Tesla CEO Elon Musk received a cease-and-desist letter from the National Highway Traffic Safety Administration (NHTSA) over his claims that the …

Tesla CEO Elon Musk received a cease-and-desist letter from the National Highway Traffic Safety Administration (NHTSA) over his claims that the Tesla Model 3 is the safest car in the world.

Business Insider reports that in October 2018, the NHTSA sent a cease-and-desist letter to Tesla CEO Elon Musk over his claims that the Tesla Model 3 sedan is the safest car in the world. Transparency group PlainSite published the cease-and-desist letter this week along with other correspondence between Tesla and the NHTSA obtained via Freedom of Information Act (FOIA) request.

According to the letter dated October 17, 2018, Tesla made “a number of misleading statements” about the safety of its Model 3 sedan. CEO Elon Musk also promoted these claims via social media. This claim was linked to the 5-star rating that the NHTSA gave the Model 3 in Septembers, but according to the agency, the high rating does not equate to a car being “safer” than other cars with a 5-star label. The complaint highlights a Tesla blog post from October 7 in which the firm states that the Model 3 “achieves the lowest probability of injury of any vehicle ever tested by NHTSA.”

The NHTSA told Musk that this blog post along with his various other claims “misled customers.” At the time of the posting of the blog post, Musk shared a link to the post on his personal Twitter account and quoted Tesla saying: “There is no safer car in the world than a Tesla” and added himself: “The physics of how Tesla achieved best safety of any cars ever tested.”

The NHTSA issued a veiled response to Tesla which did not name the firm but stated that there was “no ‘safest’ vehicle among those vehicles achieving 5-star ratings.” In the published cache of correspondence between the NHTSA and Tesla, Tesla lawyer Al Prescott stated that “Tesla has provided consumers with fair and objective information.”

A lawyer for the NHTSA, Jonathan Morrison, stated that: “This is not the first time that Tesla has disregarded the guidelines in a manner that may lead to consumer confusion and give Tesla an unfair market advantage.” When questioned by Business Insider, Tesla referred to a letter from October 31st to the NHTSA in which the company states:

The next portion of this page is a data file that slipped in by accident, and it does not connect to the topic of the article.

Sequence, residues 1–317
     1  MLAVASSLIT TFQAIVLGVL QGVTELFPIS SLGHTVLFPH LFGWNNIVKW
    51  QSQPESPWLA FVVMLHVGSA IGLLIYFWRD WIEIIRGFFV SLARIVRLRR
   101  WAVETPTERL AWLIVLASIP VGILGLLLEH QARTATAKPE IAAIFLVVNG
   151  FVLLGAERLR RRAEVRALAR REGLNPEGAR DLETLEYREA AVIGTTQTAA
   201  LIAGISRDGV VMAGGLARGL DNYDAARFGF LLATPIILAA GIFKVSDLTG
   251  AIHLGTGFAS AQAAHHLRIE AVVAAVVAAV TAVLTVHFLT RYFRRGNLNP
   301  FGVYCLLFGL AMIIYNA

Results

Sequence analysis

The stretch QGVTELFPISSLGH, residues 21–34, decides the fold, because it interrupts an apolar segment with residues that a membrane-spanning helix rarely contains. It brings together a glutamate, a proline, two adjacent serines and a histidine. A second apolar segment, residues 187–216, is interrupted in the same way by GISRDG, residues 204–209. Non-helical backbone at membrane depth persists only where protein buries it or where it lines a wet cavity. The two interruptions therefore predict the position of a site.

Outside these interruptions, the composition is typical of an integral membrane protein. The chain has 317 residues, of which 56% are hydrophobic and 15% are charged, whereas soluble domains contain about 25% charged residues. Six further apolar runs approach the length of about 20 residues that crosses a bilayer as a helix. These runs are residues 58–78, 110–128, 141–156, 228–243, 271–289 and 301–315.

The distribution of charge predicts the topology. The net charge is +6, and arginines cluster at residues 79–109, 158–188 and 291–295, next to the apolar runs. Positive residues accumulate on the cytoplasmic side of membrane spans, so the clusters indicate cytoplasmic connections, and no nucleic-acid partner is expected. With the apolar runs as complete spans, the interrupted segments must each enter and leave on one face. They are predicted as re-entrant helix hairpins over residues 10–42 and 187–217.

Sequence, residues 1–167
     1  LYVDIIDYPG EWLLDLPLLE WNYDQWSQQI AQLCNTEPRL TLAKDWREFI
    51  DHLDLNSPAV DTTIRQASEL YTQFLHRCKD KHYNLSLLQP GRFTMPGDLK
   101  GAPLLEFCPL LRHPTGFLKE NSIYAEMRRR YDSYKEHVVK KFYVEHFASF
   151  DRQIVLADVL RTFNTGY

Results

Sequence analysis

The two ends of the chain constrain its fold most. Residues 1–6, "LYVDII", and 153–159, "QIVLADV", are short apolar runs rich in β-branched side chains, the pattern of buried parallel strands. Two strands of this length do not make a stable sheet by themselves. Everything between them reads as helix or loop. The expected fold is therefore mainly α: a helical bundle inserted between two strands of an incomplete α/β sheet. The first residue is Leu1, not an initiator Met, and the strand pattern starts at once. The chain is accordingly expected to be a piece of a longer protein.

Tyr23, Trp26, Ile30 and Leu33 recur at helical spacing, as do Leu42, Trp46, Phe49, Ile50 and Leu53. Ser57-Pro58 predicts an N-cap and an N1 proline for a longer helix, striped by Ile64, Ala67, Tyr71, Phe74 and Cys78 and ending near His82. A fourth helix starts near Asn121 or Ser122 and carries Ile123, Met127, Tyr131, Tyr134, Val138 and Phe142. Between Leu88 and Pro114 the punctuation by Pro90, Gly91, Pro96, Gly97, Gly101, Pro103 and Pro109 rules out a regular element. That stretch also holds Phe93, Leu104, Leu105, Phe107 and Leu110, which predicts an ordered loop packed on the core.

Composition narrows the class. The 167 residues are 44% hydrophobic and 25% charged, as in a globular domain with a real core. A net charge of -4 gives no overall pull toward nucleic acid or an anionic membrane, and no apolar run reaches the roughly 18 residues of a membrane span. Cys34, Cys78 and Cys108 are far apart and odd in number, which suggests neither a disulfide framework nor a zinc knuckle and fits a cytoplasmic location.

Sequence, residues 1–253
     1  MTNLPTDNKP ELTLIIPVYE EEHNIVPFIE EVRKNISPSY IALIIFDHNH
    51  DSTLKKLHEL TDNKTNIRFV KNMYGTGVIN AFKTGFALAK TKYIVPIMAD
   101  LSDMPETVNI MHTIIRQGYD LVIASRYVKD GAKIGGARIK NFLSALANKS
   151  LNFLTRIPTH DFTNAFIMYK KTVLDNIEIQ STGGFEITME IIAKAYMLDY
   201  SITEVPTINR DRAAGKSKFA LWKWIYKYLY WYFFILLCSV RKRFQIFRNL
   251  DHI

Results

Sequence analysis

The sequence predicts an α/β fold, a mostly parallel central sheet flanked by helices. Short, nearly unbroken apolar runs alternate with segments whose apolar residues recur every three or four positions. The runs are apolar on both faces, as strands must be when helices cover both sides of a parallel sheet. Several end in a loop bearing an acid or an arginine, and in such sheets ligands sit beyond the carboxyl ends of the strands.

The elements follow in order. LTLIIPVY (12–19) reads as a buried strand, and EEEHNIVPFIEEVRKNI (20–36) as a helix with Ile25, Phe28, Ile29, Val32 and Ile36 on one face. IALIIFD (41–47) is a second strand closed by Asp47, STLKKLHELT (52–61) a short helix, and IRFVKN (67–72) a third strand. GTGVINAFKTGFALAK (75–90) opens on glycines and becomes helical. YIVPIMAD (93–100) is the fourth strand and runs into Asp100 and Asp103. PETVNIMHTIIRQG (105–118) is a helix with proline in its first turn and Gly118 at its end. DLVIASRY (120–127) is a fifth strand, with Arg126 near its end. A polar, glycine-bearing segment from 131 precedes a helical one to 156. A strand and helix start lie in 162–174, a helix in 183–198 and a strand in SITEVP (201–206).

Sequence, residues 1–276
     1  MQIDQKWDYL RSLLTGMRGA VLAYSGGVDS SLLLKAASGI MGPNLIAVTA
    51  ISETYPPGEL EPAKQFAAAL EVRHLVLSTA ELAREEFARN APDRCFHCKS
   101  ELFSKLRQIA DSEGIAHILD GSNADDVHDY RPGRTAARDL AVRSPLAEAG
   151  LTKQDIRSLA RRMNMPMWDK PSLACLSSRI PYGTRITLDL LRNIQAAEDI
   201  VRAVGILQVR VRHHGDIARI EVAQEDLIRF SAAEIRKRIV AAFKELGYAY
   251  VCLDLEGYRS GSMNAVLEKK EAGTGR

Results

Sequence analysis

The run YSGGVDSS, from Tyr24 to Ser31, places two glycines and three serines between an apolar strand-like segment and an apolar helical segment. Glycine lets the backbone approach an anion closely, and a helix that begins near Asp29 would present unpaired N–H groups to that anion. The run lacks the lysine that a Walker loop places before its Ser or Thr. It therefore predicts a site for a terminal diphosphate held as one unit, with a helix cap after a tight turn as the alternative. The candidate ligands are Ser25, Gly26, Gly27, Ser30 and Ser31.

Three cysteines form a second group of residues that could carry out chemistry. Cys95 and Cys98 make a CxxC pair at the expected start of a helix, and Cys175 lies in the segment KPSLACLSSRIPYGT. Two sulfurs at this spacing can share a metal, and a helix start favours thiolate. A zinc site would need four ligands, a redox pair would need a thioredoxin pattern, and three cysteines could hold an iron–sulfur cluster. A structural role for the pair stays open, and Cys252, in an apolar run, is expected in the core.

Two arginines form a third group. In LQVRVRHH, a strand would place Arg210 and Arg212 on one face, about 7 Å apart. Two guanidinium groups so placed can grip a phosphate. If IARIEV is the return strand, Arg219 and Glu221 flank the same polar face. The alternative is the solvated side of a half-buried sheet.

Tesla’s blog statements are entirely based on actual test results and NHTSA’s own calculations for determining relative risk of injury and probability of injury. Based on this published data, the Model 3 Long Range RWD has achieved a Vehicle Safety Score of 0.38 that translates to an overall probability of injury of 5.7%. NHTSA has rated almost 1,000 vehicles since the current NCAP began with the 2011 model year. We have compared these results to every other public test report. No vehicle has ever achieve an overall lower score.

Based on the foregoing, we do not see a reason to discontinue use of our safety blog or these statements as long as no other vehicle surpasses the Model 3 Long Range RWD’s Vehicle Safety Score and overall probability of injury. While we do not expect NHTSA to take sides among manufacturers, we had hoped NHTSA would welcome such an achievement because it was presented in an objective manner using the agency’s own data. Model 3’s achievement is exactly what NHTSA intended with the NCAP — to encourage manufactures to continuously improve safety.

Read the full report at Business Insider here.

Lucas Nolan is a reporter for Breitbart News covering issues of free speech and online censorship. Follow him on Twitter @LucasNolanor email him at lnolan@breitbart.com